Senegal swears in Africa’s youngest elected leader as president in a dramatic prison-to-palace rise

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Bassirou Diomaye Faye delivers his inaugural speech after being sworn in as Senegal’s president in Dakar, Senegal on April 2. (AP)

DAKAR, Senegal, April 3, (AP): Senegal inaugurated Africa’s youngest elected leader as president on Tuesday, as the 44-year-old and previously little-known Bassirou Diomaye Faye completed a dramatic ascent from prison to palace within weeks.
Hours later, Ousmane Sonko, the popular opposition figure who helped catapult him to victory, was named as the country’s new prime minister.
Last month’s election tested Senegal’s reputation as a stable democracy in West Africa, a region rocked in recent years by coups and attempted coups. Both Faye and Sonko were released from prison less than two weeks before the vote following a political amnesty announced by outgoing President Macky Sall.
Their arrests had sparked months of protests and concerns that Sall would seek a third term in office despite term limits. Rights groups said dozens were killed and about 1,000 were jailed. In his first speech as president, Faye remembered those killed and arrested during the protests and promised to deliver greater sovereignty for Senegal while working to build prosperity.
“I am aware that the results of the elections express a profound desire for systemic change,” he said. “Through my election, the Senegalese people have committed to building a sovereign, just and prosperous Senegal in a progressing Africa.”
This is the first elected office for Faye, a former tax inspector. His rise has reflected widespread frustration among Senegal’s youth with the country’s direction – a common sentiment across Africa, which has the world’s youngest population and a number of leaders widely accused of clinging to power for decades.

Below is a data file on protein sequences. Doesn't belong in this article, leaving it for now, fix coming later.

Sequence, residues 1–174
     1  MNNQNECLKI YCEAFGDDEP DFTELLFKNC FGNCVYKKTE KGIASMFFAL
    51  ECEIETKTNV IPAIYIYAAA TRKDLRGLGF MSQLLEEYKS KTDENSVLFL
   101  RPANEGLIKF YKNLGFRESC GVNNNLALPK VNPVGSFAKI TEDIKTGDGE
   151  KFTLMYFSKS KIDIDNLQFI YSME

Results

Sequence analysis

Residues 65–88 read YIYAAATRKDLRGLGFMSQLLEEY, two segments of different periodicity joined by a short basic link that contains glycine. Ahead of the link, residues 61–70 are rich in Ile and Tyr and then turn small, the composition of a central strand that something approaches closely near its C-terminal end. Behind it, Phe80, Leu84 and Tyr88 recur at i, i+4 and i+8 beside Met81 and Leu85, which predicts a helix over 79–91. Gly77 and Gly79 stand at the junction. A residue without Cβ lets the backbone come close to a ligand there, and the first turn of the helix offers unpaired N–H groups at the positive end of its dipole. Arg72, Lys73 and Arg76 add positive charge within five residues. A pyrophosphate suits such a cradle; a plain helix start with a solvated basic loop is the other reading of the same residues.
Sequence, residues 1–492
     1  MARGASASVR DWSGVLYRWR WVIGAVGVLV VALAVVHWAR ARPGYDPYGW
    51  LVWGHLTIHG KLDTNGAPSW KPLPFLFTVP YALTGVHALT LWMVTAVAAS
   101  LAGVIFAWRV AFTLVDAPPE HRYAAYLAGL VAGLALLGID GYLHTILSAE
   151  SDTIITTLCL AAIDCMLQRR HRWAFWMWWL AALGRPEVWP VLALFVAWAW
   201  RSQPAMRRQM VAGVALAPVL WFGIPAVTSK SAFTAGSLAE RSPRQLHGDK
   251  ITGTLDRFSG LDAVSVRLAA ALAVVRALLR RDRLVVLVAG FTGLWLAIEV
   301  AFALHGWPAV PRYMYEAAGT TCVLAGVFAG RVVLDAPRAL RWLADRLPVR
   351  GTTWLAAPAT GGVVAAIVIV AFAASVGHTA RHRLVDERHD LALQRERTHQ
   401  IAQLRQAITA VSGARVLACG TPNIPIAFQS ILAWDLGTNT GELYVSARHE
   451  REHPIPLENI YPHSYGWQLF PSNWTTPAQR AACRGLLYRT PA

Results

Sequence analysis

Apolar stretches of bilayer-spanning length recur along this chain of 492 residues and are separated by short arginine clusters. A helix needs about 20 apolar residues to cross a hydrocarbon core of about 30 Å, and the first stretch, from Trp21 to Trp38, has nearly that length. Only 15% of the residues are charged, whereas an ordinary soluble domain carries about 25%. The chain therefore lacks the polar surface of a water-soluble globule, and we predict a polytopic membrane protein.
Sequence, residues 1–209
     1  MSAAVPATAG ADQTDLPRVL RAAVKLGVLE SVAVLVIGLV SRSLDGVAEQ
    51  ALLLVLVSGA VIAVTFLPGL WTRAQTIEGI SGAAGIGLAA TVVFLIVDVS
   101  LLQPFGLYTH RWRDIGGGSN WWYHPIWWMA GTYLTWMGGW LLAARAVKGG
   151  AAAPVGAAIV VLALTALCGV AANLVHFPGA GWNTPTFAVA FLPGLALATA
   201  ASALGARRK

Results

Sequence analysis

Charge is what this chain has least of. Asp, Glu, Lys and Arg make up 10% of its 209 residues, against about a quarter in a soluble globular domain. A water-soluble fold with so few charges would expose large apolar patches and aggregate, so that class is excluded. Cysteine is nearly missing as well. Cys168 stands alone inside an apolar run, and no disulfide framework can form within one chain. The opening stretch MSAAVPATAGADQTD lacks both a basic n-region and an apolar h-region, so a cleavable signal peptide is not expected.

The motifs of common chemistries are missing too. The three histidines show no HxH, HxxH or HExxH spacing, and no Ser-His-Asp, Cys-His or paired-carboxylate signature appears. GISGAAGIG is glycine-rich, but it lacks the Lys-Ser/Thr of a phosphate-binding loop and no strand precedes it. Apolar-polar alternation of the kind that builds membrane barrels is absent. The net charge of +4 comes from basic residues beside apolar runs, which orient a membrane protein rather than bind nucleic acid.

“It’s the culmination of a long struggle for democracy and the rule of law,” said Aissata Sagna, a 39-year-old factory worker who worked on Faye’s campaign. “This is a day of celebration for us, even if we have lost young people killed during the demonstrations.”
Unemployment rates are high. The war in Ukraine has helped drive up the price of food and energy. Like residents of other former French colonies, Senegalese are increasingly disaffected with France, often accused of exploiting its longstanding ties with West Africa.
Faye campaigned on promises to clean up corruption. Ahead of the election, he released a declaration of his assets and called on other candidates to do the same. It listed a home in Dakar and land outside the capital and in his small hometown. His bank accounts totaled roughly $6,600. A practicing Muslim, Faye has two wives, both of whom were present on Tuesday.
“I think the first challenge is the formation of his (Faye’s) government,” said Alioune Tine, founder of the Senegalese think tank Afrikajom Center. “This will be the first concrete message he sends to the Senegalese people. The size, diversity and profiles will be analyzed with a fine-tooth comb to see if they meet the demand for a break with the past.”
Allies are closely watching Faye’s economic policies following his promise to improve the management of natural resources. Senegal has made new oil and gas discoveries in recent years, but the population has yet to see any real benefit. Analysts warn, however, that renegotiating deals could turn investors off.

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